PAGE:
Chapter3-RubberElasticity_Gedde

Chapter3-RubberElasticity_Gedde - Chapter 3. Rubber...

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59 Chapter 3. Rubber elasticity 3.1. Introduction Natural rubber is obtained by coagulation of a latex from a tree called Hevea Brasiliensis. It consists predominantly of cis -1,4-polyisoprene. Fossilised natural rubber discovered in Germany in 1924 stems back about 50 million years. Columbus learned during his second voyage to America about a game played by the natives of Haiti in which balls of an elastic ‘tree-resin’ were used. The word ‘rubber’ is derived from the ability of this material to remove (rub off) marks from paper, which was noted by Joseph Priestley in 1770. Rubber materials are not restricted to natural rubber. They include a great variety of synthetic polymers of similar properties. An elastomer is a polymer that exhibits rubber elastic properties, i.e. a material that can be stretched to several times its original length without breaking and which, upon release of the stress, immediately returns to its original length. Rubbers are almost elastic materials, i.e. their deformation is instantaneous and they show almost no creep. The unique character of rubber was discovered in 1305 by John Gough who described his experiments and findings as follows: ‘Hold one end of the slip of rubber …. between the thumb and forefinger of each hand; bring the middle of the piece into slight contact with the lips; …. extend the slip suddenly; and you will immediately perceive a sensation of warmth in that part of the mouth that touches it … For this resin evidently grows warmer the further it is extended; and the edges of the lips possess a higher degree of sensibility, which enables them to discover these changes with greater facility than other parts of the body. The increase in temperature, which is perceived upon extending a piece of Caoutchouc, may be destroyed in an instant, by permitting the slip to contract again; which it will do quickly by virtue of its own spring, as oft as the stretching force ceases to act as soon as it has been fully exerted.’ Gough made the following comment about a second experiment: ‘If one end of a slip of Caoutchouc be fastened to a rod of metal or wood, and a weight be fixed at the other extremity ….; the thong will be found to become shorter with heat and longer with cold.’ To convince yourself, please make the experiment. You will only need a strip of rubber, a weight and a hair-dryer. Gough presented no good explanation to the unexpected findings, i.e. that the stiffness increases with increasing temperature and that heat is evolved during stretching. It took almost 50 years before the thermodynamics of the rubber elasticity was formulated.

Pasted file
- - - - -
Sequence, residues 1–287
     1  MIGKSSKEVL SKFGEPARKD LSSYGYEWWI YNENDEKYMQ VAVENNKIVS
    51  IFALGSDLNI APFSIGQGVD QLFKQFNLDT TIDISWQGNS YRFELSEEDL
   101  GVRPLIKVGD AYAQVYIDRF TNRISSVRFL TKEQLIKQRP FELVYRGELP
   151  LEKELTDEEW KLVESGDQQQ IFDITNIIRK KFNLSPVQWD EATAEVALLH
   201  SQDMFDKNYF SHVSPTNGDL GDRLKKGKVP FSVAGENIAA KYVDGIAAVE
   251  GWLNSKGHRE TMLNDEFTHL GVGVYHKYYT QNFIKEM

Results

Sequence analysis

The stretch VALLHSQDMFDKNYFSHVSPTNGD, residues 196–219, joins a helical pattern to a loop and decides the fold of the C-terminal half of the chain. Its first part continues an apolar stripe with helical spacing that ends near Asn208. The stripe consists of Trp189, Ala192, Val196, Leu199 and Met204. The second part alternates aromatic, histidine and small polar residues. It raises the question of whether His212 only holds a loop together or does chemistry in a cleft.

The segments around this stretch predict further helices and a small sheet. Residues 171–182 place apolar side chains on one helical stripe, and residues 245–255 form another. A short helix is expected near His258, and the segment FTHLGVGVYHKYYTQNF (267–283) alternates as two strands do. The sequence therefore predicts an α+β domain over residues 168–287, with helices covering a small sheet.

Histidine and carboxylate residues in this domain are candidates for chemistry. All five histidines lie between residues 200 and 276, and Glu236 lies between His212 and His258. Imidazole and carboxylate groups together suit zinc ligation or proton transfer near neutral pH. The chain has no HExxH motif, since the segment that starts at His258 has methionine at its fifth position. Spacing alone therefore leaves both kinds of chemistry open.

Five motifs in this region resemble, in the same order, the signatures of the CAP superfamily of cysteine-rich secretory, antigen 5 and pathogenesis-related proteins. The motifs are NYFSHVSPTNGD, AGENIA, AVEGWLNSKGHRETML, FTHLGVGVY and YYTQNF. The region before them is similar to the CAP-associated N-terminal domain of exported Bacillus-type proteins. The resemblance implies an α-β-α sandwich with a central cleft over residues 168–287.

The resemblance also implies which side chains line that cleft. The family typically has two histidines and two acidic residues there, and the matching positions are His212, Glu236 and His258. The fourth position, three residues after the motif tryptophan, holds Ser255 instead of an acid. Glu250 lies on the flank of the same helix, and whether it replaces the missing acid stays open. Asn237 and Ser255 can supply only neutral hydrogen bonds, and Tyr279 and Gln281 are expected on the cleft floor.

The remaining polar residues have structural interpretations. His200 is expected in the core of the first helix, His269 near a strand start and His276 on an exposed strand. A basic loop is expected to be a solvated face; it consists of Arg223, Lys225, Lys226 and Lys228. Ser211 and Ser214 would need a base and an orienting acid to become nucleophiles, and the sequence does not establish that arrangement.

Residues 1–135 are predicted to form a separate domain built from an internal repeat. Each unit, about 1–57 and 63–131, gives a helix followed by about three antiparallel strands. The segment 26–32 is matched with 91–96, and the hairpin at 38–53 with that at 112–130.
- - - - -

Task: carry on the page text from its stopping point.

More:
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60 Figure 3.1. Entropy-driven elasticity of rubber materials Rubbers exhibit predominantly entropy-driven elasticity. This was concluded already by William Thomson (Lord Kelvin) (1857) and James Prescott Joule (1859) through measurements of force and specimen length at different temperatures. They discovered the thermo-elastic effects: (a) a stretched rubber sample subjected to a
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This note was uploaded on 07/20/2011 for the course EMA 6165 taught by Professor Brennan during the Spring '08 term at University of Florida.

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Chapter3-RubberElasticity_Gedde - Chapter 3. Rubber...

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